Today's NY Times (7/25/13) reports that: "After a month holed up in the transit zone of Moscow's Sheremetyevo airport, Edward J. Snowden. . . received a change of clothes and copy of Fyodor Dostoyevsky's 'Crime and Punishment,' during a meeting with his lawyer on Wednesday. . . "
The need for a change of clothes requires no comment. But why that particular novel, not that I disapprove. On the contrary, I hope Snowden will share — leak? — his thoughts on it.
Should we suggest other Russian novels he might want to consult while "holed up in the transit zone" of the Moscow airport? (Just Russian novels; Kafka, otherwise all too appropriate, need not apply.)
I, for one, would recommend Bulgakov's "The Master and Margarita". Then again, ever since a Russian bartender in Brooklyn told me it was her favorite book, and I re-read it, I recommend that stupendous novel to everyone. On the other hand, I would strongly recommend against "The Brothers Karamazov". which, except for the Grand Inquisitor sequence, is pure wind-baggery.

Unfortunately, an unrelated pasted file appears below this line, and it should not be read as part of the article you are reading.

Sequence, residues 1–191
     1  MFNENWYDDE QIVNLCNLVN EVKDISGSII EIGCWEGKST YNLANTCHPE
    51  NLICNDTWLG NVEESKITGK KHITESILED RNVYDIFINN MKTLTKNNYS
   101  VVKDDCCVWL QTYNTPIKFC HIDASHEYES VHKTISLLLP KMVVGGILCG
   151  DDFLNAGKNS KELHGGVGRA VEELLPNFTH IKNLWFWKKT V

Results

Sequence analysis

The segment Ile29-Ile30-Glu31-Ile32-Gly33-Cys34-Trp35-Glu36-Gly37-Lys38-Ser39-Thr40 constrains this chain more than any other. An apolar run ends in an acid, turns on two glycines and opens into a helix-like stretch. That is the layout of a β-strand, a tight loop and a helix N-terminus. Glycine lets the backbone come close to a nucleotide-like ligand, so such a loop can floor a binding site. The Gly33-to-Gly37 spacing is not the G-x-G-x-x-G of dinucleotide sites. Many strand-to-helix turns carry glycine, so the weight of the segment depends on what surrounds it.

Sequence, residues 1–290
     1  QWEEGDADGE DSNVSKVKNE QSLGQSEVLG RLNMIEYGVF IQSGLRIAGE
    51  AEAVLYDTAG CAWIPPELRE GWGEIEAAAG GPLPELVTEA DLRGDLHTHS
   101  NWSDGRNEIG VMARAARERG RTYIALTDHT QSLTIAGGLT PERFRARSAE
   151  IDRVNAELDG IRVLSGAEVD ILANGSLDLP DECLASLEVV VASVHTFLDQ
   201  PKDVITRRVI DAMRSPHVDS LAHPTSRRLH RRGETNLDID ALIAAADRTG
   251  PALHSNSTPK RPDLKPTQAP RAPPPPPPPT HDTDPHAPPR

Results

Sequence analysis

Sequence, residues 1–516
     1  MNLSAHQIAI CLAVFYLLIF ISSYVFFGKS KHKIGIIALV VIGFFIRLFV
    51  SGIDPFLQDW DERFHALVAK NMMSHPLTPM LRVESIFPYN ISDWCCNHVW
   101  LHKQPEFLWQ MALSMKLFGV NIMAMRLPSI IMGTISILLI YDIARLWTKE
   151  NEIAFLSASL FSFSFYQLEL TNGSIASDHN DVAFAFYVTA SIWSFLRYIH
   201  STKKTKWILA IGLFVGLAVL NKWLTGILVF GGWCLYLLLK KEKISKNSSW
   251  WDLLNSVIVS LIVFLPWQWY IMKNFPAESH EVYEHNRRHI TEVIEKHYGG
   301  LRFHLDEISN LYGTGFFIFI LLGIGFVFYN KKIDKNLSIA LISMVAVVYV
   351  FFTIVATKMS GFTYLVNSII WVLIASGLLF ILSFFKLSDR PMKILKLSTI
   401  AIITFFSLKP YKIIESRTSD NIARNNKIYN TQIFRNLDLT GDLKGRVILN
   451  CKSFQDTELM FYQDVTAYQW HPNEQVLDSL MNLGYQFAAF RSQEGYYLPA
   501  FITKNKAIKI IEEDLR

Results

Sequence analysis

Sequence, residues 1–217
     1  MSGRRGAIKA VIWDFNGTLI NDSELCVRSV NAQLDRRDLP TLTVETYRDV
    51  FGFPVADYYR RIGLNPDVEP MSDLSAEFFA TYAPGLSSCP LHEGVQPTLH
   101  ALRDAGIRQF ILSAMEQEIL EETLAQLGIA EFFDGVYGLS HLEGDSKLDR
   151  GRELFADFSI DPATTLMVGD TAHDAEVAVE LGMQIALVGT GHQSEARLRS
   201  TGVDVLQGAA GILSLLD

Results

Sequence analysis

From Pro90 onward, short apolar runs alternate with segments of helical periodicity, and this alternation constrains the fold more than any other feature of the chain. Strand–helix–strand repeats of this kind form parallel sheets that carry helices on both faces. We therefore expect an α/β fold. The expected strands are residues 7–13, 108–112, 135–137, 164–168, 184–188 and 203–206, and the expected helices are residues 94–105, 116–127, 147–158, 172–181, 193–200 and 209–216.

I can't imagine Snowden finding much to like in "The Brothers Karamazov" — except, again, the riveting and relevant Grand Inquisitor sequence — but who knows?
Snowden is detained in Russia. When detained in Russia, literature becomes essential, as we know. Hence, I further recommend "The Gulag Archipelago".